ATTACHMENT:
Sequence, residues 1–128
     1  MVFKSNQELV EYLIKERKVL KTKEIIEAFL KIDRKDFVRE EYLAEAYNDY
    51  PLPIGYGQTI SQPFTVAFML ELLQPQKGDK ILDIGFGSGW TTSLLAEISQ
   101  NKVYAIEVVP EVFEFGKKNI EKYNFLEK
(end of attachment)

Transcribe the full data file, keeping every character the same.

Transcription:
Sequence, residues 1–128
     1  MVFKSNQELV EYLIKERKVL KTKEIIEAFL KIDRKDFVRE EYLAEAYNDY
    51  PLPIGYGQTI SQPFTVAFML ELLQPQKGDK ILDIGFGSGW TTSLLAEISQ
   101  NKVYAIEVVP EVFEFGKKNI EKYNFLEK